Brexit: The Final Countdown - A Checklist for UK Investment Managers


Martin Lovick

Publish Date


Compliance Alert

  • Compliance
  • Brexit

With just days to go to the end of the transition period for the UK’s departure from the EU, here are some key reminders for UK investment managers on how they need to prepare. Although, at the time of writing, the possibility of a trade agreement is still alive, there seems little prospect of a comprehensive deal covering arrangements for financial services. While there remains hope of last-minute announcements offering relief in some areas of detail, in this note we assume none.

Marketing funds in the EEA

UK AIFMs marketing AIFs in EEA member states will, with some state-by-state exceptions, generally see their current registrations under Article 36 of AIFMD automatically lapse from 31 December 2020. At that point, the UK becomes a “third country” under AIFMD and hence AIFMs will have to re-register their AIFs in each EEA country that they wish to market under the National Private Placement Regime (Article 42). Note that Article 42 carries the additional burden of Annex IV reports being required in each and every country where the AIF is registered (as well as the AIF001/002 reports to the FCA). AIFMs should proceed with these registrations as soon as possible to avoid being unable to market their AIFs for an interim period.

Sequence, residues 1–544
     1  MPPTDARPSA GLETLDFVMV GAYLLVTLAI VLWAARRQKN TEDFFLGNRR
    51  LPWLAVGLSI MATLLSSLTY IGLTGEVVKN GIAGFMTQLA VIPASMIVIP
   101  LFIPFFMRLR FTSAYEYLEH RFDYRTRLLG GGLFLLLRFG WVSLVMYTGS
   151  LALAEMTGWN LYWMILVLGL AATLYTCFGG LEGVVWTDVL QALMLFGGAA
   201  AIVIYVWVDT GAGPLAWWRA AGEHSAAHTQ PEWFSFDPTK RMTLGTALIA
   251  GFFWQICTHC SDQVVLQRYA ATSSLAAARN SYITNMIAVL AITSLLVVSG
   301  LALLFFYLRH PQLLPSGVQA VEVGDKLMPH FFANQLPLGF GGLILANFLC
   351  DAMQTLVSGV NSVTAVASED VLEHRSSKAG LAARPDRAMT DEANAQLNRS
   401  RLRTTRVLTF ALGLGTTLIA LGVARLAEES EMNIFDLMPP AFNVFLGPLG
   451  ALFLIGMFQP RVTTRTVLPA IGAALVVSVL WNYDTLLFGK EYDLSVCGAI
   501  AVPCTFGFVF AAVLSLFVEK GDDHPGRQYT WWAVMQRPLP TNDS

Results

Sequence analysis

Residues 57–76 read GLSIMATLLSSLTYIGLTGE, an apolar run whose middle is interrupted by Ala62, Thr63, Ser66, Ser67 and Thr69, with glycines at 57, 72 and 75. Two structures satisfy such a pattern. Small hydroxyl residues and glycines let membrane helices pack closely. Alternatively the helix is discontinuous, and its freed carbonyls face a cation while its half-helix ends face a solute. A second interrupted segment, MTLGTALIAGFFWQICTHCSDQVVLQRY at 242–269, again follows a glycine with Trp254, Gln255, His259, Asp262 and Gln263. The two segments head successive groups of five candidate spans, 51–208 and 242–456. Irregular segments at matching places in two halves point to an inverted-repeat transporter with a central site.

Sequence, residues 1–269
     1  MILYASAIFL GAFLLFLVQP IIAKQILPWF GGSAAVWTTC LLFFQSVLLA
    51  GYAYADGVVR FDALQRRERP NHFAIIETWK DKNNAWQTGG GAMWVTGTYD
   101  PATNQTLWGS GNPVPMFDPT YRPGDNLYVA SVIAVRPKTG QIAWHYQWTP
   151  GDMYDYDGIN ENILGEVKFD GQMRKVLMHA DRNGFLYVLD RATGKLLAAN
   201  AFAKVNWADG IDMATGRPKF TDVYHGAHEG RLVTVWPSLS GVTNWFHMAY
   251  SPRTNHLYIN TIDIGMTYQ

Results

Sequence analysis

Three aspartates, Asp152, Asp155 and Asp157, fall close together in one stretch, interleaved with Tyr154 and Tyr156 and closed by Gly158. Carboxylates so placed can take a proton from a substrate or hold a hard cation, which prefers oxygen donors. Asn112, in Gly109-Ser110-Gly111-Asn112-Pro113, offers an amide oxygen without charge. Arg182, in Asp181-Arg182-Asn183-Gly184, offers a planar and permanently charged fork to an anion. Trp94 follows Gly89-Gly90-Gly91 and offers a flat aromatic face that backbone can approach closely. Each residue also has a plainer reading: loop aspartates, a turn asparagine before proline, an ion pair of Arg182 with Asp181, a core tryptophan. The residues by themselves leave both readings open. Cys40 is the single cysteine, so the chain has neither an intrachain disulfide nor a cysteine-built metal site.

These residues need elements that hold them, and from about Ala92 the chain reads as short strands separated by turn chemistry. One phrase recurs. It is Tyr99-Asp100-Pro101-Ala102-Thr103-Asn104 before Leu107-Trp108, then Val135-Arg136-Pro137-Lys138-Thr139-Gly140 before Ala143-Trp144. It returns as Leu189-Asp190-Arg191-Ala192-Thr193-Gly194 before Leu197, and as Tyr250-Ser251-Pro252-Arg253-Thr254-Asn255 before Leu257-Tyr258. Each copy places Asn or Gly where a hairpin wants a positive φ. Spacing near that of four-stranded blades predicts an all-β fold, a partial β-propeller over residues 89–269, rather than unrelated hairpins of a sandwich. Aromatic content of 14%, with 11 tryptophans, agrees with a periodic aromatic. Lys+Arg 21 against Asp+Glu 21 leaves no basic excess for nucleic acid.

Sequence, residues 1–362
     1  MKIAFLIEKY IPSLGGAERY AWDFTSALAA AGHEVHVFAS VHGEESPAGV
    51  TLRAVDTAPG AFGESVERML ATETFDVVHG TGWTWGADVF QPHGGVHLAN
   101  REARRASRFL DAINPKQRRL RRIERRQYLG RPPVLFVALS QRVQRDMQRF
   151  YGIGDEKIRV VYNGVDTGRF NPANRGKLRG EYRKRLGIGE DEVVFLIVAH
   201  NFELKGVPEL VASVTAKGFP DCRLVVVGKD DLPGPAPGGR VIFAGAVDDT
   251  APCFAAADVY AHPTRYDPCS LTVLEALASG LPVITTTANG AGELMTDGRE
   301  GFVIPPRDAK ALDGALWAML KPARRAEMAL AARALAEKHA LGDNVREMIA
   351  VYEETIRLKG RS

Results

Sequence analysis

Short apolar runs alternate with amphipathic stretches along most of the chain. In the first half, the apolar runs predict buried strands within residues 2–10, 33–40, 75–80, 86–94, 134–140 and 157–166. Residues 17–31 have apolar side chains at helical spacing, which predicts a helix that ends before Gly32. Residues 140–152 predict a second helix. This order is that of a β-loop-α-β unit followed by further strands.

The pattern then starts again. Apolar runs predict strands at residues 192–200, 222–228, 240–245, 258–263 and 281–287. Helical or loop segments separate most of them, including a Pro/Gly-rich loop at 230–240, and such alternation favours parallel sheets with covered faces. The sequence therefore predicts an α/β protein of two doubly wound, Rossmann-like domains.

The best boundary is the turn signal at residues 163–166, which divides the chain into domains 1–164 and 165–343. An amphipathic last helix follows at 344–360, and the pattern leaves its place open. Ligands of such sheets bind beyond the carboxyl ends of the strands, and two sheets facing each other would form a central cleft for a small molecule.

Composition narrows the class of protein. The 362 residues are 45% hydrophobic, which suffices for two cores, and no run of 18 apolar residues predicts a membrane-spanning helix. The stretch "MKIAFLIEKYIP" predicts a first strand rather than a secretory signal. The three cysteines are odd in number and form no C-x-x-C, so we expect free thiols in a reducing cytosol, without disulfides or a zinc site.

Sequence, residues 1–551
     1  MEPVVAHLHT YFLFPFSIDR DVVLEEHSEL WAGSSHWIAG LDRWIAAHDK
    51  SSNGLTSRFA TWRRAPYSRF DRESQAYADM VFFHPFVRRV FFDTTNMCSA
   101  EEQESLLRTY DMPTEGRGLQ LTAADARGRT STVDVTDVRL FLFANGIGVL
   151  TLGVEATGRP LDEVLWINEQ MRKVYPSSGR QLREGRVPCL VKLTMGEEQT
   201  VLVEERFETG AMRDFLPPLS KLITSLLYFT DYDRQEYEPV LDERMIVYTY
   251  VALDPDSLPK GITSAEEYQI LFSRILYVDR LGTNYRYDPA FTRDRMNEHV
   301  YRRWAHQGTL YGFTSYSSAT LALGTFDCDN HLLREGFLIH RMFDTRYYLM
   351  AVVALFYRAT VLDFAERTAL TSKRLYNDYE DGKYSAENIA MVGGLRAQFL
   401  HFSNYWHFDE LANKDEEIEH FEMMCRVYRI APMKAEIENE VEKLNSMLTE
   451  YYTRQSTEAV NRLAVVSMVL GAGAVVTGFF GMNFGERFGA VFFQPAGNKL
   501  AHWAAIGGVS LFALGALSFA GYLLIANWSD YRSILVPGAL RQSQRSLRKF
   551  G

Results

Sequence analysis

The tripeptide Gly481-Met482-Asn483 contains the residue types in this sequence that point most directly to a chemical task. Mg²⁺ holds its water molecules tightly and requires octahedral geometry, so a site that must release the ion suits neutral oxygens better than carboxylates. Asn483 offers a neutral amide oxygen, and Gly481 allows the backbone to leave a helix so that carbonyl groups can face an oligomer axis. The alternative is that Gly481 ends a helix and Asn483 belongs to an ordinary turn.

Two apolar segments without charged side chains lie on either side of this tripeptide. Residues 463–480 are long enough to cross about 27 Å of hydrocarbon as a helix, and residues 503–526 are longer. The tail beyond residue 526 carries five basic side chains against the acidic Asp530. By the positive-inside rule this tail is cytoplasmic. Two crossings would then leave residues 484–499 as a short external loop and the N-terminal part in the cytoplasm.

The above summary covers the most prominent challenge for alternatives managers marketing funds post-Brexit. For a full survey of all the permutations of location of AIFMs, AIFs, and prospective investors please download here

Offering other financial products and services in the EEA